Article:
Sunday, April 20, 2008

Annus mirabilis - Repost

So the Nightwriter was waxing nostalgic the other day about 1974. And I was thinking about how bad a year it was. Then I remembered, I'd already written about this, almost two years ago now. So from deep in the archives, I exhume the following.


"These are the days of miracle and wonder, so don't cry baby, don't cry, don't cry."
-- Paul Simon, "The Boy in the Bubble"

Sage advice from the former partner of Art Garfunkel, circa 1986, an excellent year in rock history. But that's not why you're here. A regular reader of this feature sent an e-mail referencing a recent article about the worst song in history. Link is here:

While an instructive tour of the horror that is Bobby Goldsboro, it only references in passing what the author refers to as the "annus mirabilis" of 1974. And that, friends is the mother lode, the money shot, the greatest repository of dire that I know.

"Let's go back, let's go back, let's go back to way back when."
--Aretha Franklin, "Think"

Do you remember? The President was reeling, gas prices were soaring and waves of pessimism were threatening to engulf the land. It even seems vaguely familiar today. But AM radio was not yet the province of Rush and his shout show acolytes, and stations like my old hometown favorite, WNAM, were spinning the top hits. And what a cavalcade it was. Just let the soundtrack play in your mind.

Seasons in the Sun
Billy, Don't Be a Hero
The Night Chicago Died
Having My Baby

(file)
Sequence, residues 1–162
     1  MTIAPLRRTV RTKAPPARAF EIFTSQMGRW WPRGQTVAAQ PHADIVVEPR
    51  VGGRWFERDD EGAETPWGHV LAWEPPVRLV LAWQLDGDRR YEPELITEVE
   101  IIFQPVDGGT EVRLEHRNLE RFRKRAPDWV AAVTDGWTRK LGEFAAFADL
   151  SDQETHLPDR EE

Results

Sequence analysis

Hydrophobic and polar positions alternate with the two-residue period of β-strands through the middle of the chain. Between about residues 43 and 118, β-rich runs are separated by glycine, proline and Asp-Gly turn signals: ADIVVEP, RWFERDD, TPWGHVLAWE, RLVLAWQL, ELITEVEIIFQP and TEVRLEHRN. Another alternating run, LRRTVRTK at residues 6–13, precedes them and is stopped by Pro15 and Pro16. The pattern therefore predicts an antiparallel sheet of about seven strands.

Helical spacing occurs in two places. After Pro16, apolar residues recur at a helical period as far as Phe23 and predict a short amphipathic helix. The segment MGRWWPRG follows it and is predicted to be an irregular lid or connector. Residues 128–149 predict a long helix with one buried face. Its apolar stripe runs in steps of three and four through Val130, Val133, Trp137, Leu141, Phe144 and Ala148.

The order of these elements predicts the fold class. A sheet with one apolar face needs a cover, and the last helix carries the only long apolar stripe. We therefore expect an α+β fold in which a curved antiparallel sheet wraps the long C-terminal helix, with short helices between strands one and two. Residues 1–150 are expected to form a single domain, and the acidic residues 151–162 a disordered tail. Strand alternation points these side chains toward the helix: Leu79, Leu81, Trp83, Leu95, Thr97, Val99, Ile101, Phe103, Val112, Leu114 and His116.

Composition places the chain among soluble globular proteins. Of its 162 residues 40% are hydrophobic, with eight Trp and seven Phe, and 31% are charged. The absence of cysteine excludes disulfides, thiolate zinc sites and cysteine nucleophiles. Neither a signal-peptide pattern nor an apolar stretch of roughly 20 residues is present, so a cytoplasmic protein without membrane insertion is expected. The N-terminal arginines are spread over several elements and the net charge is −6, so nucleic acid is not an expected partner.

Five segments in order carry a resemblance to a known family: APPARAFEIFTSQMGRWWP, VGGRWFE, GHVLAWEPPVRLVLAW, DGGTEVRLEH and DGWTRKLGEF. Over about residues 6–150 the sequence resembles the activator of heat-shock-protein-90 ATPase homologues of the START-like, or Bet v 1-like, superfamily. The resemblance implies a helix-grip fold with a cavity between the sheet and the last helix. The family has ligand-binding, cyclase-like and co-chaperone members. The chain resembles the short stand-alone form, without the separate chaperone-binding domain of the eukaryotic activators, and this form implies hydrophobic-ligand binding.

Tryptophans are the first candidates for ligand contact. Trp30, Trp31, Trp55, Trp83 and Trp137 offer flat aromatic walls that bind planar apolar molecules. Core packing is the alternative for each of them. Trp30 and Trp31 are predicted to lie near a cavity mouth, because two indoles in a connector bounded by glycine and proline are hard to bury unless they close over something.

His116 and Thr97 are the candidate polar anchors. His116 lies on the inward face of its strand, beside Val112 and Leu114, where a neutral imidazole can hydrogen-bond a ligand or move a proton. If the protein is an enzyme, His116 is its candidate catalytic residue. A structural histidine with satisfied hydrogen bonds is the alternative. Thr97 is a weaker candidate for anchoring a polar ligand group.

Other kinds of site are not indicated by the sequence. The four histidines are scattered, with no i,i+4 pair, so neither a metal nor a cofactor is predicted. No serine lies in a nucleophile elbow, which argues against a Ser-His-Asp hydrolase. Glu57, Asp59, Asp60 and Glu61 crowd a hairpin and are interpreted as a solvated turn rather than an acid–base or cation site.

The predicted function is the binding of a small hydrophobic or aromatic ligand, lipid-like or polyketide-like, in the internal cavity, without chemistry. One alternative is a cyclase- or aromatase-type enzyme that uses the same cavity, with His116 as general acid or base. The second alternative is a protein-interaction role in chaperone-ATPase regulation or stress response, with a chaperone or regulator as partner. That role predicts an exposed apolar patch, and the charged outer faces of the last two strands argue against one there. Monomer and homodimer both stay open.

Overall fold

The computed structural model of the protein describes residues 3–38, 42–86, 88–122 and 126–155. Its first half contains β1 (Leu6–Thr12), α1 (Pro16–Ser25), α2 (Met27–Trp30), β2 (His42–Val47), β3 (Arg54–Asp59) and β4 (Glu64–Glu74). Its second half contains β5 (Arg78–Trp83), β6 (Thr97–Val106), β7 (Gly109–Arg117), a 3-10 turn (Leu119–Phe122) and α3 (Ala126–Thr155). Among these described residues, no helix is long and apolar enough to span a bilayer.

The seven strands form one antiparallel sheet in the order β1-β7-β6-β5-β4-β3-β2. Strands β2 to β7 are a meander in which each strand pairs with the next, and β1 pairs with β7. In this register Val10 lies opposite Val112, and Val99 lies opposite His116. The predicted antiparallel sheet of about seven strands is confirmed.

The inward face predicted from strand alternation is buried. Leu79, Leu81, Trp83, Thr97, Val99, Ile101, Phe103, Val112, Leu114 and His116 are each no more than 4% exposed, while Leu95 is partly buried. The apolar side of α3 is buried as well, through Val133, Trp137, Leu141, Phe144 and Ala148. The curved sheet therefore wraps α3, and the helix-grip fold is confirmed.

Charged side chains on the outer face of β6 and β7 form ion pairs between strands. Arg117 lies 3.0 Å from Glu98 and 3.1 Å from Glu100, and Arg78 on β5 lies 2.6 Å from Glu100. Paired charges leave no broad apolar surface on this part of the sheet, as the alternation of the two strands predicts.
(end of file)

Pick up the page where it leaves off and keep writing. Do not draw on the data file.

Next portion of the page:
Rock Me Gently
Life is a Rock (But the Radio Rolled Me)
My Girl Bill
Midnight at the Oasis
The Streak
Hooked on a Feeling (the "Ooga Shocka" Blue Swede version, not B. J. Thomas)

Are you wincing yet? It was a strange and wondrous time, when novelty artists like Jim Stafford and Ray Stevens, who are now safely confined in Branson, ruled the airwaves. It was a time when a Catholic nun (Sr. Janet Meade) could ride the charts with a bad, discofied version of the Lord's Prayer, followed immediately on the WNAM playlist with "Having My Baby" and, if you were lucky, the "Bertha Butt Boogie." I remember getting on the phone with my brothers to call the WNAM studios, pestering the d.j.'s to play Cheech & Chong's "Sister Mary Elephant," because, apparently, we weren't satisfied that the music they were playing was sufficiently strange.

It would be worth studying, I suppose, the convergence of forces that turned an entire summer over to an ocean of novelty tunes. And it is worth remembering that 1974 was also the year of Eric Clapton's comeback album, 461 Ocean Boulevard, and Dylan's masterwork Blood on the Tracks, among other things. Sometimes the Zeitgeist blows strangely. Sometimes, it just blows.


Anonymous said...

I'm not sure who wrote the song, but "I've been to Paridise, But I've Never Been to Me" has to be one of the worst. Another is "Torn Between to Lovers"

Mr. D said...

Both fine choices, anonymous, as examples of dreck. This is a nearly inexhaustible topic; as long as foolish people have access to recording equipment, we will have more and more contenders. I think another related topic worth pursuing is the "so bad they're great" songs. Stay tuned....

Anonymous said...

Don't forget my personal favorite horrific song, "Chevy Van."

What about "Convoy?" I just heard that song for possibly the first time recently. That was horrible.

Anonymous said...

I see that the comments of this editor's blog are very accurate, not to mention the challenging vocabulary. Does Marnie Centon, Dianne Paltzer or Denny O get the credit?